LEXINGTON, Ky. (LEX 18) — Governor Andy Beshear and Lexington Mayor Linda Gorton held a news conference Wednesday to announce the Community Action Council would take over the management of the city's rental assistance program.
Lexington's Housing Stabilization Program, which started in September 2020 because of the COVID-19 pandemic, had been overseen by city and Community Action Council staff members.
Mayor Gorton and city officials said the non-profit organization would take over the reins because of its extensive experience dealing with issues like housing.
"You're the experts," she said Wednesday. "You're the professionals and you do this type of community support all the time."
On its website, the Community Action Council states it "addresses poverty in Central Kentucky through service delivery, community involvement, and advocacy."
The Housing Stabilization Program has helped 1,600 households and has received $30.4 million in support, according to the mayor's office. Millions of dollars are left, though, as only about $11 million in rental and utility assistance have been distributed.
LEX 18 spoke with a housing outreach employee with the Kentucky Equal Justice Center who suggested that the application process may be to blame for the fact that so much money is still left in the pot.
"I understand that the application turnaround has been really slow," Emma Anderson said. "And that's been really frustrating."
Anderson, who has also protested at eviction relief rallies organized by the Lexington Housing Justice Collective, said she has spoken with tenants who have thought their applications were approved only to find out in court that they needed to update them.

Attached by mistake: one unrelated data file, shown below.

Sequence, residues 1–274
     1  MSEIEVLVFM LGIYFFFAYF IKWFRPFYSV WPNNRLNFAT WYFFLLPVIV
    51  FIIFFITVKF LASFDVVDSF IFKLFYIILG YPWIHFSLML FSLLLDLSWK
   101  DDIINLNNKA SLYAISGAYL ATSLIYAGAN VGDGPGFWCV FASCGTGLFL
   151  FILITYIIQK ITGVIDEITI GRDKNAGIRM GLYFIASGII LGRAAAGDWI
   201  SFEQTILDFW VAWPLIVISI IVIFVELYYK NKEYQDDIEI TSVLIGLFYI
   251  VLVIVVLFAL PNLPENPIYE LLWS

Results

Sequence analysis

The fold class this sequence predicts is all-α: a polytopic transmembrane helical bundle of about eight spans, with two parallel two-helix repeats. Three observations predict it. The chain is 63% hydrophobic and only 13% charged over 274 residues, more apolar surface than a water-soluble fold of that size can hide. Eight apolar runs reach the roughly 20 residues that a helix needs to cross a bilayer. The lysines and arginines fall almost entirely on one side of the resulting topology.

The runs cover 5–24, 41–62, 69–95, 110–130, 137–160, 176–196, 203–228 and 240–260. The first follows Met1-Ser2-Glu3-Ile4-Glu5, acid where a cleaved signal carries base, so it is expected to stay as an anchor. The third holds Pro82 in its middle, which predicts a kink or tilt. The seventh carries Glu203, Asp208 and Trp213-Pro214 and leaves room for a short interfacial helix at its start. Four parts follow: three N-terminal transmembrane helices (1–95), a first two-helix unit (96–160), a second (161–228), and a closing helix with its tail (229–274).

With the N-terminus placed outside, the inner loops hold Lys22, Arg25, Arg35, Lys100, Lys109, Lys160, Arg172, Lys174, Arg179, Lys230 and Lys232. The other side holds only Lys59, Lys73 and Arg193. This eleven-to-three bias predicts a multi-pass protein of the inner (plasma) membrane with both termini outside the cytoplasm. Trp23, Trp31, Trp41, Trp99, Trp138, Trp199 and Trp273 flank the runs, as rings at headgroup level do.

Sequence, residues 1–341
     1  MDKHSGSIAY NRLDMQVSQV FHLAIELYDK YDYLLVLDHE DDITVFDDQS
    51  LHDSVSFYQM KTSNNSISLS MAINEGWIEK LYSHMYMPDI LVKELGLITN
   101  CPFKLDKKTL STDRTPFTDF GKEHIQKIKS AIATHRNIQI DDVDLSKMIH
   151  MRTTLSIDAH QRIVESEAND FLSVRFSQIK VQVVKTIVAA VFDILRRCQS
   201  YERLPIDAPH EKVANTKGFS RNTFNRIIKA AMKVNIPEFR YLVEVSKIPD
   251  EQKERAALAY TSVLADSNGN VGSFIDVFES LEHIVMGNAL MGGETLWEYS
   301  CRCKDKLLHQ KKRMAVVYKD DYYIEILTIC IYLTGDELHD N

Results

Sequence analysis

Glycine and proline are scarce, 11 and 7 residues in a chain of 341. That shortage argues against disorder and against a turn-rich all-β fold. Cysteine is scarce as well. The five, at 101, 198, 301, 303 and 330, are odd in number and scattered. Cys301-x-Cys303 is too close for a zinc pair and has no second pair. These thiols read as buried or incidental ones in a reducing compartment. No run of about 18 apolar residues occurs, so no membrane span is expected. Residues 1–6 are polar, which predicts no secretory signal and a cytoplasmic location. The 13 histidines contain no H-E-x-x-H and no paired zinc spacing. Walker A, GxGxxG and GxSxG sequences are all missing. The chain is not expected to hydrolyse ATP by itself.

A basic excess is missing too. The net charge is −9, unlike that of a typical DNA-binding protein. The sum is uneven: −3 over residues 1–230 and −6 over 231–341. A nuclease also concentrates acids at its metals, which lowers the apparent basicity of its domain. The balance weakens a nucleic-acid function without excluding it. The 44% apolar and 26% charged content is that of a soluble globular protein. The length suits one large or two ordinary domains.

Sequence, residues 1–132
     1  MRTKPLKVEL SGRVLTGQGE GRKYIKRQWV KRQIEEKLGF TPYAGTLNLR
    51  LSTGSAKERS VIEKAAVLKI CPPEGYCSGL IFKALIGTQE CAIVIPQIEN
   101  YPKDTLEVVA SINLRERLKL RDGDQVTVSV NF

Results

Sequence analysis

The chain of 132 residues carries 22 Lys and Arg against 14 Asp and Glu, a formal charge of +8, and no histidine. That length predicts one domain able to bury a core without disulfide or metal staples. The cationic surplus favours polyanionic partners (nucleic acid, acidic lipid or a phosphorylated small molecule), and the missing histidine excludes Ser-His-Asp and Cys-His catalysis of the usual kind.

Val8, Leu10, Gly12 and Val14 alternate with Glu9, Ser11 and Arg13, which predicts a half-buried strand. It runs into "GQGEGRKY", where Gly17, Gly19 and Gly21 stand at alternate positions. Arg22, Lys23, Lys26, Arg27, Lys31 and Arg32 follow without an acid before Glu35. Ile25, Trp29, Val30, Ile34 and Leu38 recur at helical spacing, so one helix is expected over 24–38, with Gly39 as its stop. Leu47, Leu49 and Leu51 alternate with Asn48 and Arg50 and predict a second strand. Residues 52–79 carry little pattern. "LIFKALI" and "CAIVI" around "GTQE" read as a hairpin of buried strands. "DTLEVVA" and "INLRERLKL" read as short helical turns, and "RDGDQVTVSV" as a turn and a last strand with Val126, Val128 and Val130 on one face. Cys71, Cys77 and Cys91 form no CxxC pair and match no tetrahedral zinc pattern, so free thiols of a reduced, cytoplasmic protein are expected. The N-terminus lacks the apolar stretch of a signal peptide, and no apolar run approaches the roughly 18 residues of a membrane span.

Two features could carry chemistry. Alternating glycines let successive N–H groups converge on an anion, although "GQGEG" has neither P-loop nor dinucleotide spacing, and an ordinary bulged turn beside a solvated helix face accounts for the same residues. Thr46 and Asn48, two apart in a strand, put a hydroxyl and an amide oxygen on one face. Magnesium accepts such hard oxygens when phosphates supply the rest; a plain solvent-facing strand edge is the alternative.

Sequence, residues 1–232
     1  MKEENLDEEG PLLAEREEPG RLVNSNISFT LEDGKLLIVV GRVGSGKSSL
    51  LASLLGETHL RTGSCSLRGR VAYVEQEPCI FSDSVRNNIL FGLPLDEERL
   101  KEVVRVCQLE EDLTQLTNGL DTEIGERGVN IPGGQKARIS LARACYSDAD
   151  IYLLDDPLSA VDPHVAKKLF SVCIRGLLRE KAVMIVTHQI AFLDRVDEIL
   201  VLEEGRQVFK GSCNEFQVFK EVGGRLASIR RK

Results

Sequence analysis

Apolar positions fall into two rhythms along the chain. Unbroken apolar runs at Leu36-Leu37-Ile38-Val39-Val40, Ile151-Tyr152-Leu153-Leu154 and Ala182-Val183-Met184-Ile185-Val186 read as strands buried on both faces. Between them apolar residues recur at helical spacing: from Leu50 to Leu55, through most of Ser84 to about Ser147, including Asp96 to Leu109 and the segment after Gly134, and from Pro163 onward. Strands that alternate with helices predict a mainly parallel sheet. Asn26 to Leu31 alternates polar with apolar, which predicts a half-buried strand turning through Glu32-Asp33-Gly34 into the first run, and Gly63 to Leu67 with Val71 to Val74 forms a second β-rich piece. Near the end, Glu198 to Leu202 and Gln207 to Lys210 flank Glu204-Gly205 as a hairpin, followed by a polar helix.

"People should not be evicted for non-payment of rent in Kentucky," Anderson said. "We have money to make sure that doesn't happen."
The problems with rental assistance are not unique to Kentucky.
According to data from the U.S. Department of Treasury, only about $10 billion of the nearly $47 billion set aside by Congress in the Covid relief bill passed in December have reached tenants.
Anderson hopes Lexington's decision to hand over its program to the Community Action Council will help hasten the speed at which applications are reviewed and approved.
"I'm definitely going to give them a chance," she said. "I think that they could really speed things up."
At the news conference Wednesday, the executive director of the organization said she has set a goal of $500,000 in support to be distributed every week.
"We are ready and stand ready to help everyone," Sharon Price said.
Price also noted that the transition in management will not affect how tenants apply for assistance.
Those needing assistance through the Housing Stabilization Program are still encouraged to visit www.covid19renterhelp.org. They can also call the Community Action Council at 859-280-8424.